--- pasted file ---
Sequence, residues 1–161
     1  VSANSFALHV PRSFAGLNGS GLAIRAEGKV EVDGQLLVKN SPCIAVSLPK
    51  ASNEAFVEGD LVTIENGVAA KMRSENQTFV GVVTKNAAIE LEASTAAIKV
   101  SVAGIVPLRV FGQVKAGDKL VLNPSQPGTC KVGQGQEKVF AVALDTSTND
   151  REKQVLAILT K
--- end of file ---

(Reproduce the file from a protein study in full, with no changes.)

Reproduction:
Sequence, residues 1–161
     1  VSANSFALHV PRSFAGLNGS GLAIRAEGKV EVDGQLLVKN SPCIAVSLPK
    51  ASNEAFVEGD LVTIENGVAA KMRSENQTFV GVVTKNAAIE LEASTAAIKV
   101  SVAGIVPLRV FGQVKAGDKL VLNPSQPGTC KVGQGQEKVF AVALDTSTND
   151  REKQVLAILT K